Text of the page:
For over fifty years the HUD Section 202 program funded the construction of housing and the provision of supportive services for elderly households. The original program authorized federal direct loans with below-market interest rates and little to no rental subsidy to serve moderate-income elderly and disabled families. The program evolved through several financing and rental assistance phases before shifting to capital advances, 40-year forgivable loans, with rental subsidies provided to very low-income elderly families through project rental assistance contracts (“PRAC”). Aside from a modest FY2018 appropriation, Congress last funded new construction of Section 202 units in FY2011. As a result, preservation of the existing stock of Section 202 capital advance units and supportive services is critical to maintaining this housing resource for the growing population of very low-income elderly families.
Background: Section 202 Program
In 2000, Congress acted to preserve a large portion of the Section 202 direct loan inventory by authorizing the repayment and refinancing of those Section 202 properties originally financed with high interest rate loans, which were generally constructed between 1975 and 1992. The program required the owner of a direct loan project to record a long-term use agreement on the property and demonstrate that refinancing would produce debt service savings, a low bar given the low interest rate environment of the early 2000s. Debt service savings could be used to provide additional supportive services and other uses beneficial to the residents, as permitted by the statute. Refinancing also generated funds for needed repairs.
In 2010, Congress expanded the scope of the preservation effort by authorizing the repayment and refinancing of pre-1975 Section 202 direct loans with original interest rates below six percent to allow property owners to address the physical needs of those projects. The expanded program permitted an increase in debt service to fund capital improvements. Accordingly, the statute allowed an increase in Section 8 rents to support the refinance; however the overall increase was limited to mark-up-to-market or mark-up-to-budget rent increases under the Multifamily Housing Reform and Affordability Act. In addition, HUD required any rehabilitation to address significant repair needs and qualify as a substantial rehabilitation, as defined by FHA.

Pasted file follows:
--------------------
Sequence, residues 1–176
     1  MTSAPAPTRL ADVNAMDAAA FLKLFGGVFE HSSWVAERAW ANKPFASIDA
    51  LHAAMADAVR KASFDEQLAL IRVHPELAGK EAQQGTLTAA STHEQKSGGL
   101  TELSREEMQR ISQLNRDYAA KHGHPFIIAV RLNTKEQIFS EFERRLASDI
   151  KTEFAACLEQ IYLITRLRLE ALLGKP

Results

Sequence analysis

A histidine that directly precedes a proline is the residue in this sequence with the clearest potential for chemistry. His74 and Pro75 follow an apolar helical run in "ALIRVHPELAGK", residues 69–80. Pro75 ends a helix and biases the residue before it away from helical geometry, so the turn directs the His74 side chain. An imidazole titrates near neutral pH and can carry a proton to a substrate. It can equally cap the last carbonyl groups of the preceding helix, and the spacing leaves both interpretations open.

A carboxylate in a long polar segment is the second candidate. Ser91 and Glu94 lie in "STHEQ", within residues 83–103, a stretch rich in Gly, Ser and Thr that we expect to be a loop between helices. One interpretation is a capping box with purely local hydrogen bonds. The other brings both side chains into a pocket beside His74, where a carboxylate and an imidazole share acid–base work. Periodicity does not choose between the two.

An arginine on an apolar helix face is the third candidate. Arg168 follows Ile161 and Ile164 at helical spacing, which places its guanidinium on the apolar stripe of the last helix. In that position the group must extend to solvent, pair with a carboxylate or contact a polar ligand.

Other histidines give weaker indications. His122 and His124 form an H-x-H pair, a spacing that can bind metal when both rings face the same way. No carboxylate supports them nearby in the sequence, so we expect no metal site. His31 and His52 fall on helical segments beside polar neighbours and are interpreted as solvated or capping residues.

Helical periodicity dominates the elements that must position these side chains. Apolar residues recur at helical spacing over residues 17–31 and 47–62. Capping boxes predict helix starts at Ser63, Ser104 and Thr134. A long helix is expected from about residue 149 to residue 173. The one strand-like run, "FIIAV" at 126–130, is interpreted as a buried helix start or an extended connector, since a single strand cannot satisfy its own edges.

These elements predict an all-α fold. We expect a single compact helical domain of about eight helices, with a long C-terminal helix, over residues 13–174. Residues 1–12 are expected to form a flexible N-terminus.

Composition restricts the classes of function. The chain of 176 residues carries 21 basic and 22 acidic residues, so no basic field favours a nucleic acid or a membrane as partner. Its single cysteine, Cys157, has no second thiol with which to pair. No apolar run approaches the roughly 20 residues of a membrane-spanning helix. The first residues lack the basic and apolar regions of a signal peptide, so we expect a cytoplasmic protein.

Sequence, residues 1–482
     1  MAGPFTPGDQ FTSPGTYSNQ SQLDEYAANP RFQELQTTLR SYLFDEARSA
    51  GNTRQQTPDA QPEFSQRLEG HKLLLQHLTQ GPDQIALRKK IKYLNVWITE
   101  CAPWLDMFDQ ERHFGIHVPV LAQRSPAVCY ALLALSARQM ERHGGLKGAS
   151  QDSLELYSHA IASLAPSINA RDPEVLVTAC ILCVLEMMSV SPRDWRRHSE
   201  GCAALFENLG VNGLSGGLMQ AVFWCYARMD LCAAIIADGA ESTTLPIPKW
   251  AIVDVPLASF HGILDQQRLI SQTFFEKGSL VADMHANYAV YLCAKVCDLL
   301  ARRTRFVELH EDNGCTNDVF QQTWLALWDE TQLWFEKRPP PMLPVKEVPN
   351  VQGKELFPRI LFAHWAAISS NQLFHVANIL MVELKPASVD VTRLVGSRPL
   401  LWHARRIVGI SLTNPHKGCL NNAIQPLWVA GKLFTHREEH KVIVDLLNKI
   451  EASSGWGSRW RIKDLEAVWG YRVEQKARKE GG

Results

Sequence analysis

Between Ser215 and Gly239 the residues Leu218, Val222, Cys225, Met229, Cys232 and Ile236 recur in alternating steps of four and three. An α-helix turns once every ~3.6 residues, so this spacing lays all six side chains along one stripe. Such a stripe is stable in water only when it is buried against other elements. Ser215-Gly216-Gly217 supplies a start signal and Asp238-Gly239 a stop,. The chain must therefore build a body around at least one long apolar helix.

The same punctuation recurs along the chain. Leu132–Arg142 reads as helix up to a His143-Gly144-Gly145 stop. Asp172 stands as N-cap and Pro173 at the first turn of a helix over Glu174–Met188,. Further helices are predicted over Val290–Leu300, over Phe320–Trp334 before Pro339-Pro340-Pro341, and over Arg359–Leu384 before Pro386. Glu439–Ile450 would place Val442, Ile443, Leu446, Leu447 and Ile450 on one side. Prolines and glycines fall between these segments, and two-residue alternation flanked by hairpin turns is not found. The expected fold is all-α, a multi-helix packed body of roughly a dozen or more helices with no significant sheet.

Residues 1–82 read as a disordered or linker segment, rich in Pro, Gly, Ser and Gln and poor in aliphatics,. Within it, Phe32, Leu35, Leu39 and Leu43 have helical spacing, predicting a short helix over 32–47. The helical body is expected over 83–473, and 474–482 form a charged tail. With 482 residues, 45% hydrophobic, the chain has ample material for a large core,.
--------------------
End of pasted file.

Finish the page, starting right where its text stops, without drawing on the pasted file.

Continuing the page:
The bulk of the existing Section 202 capital advance properties have operated for at least ten years, and the oldest are approaching twenty-five years of age. As a result, many of these properties require major repairs and updates. Because capital advances do not amortize and PRAC rents are sized accordingly, the financing challenges associated with preservation are somewhat unique but align more closely with the needs of pre-1975 Section 202 direct loan properties as expenses for debt service are expected to increase as a result of rehabilitation.
“The 2018 Act”
Through the 2018 Consolidated Appropriation Act (“the 2018 Act”) Congress expanded the Rental Assistance Demonstration Program (“RAD”), which allows the conversion of certain types of housing subsidy to Section 8 assistance, to permit conversion of PRACs to long-term Section 8 project-based rental assistance contracts and project-based voucher contracts. In addition, the 2018 Act authorized the subordination and/or restructuring of existing capital advances, as necessary, to facilitate restructuring. These changes are designed to allow Section 202 capital advance owners to leverage their rental assistance to make necessary repairs and updates.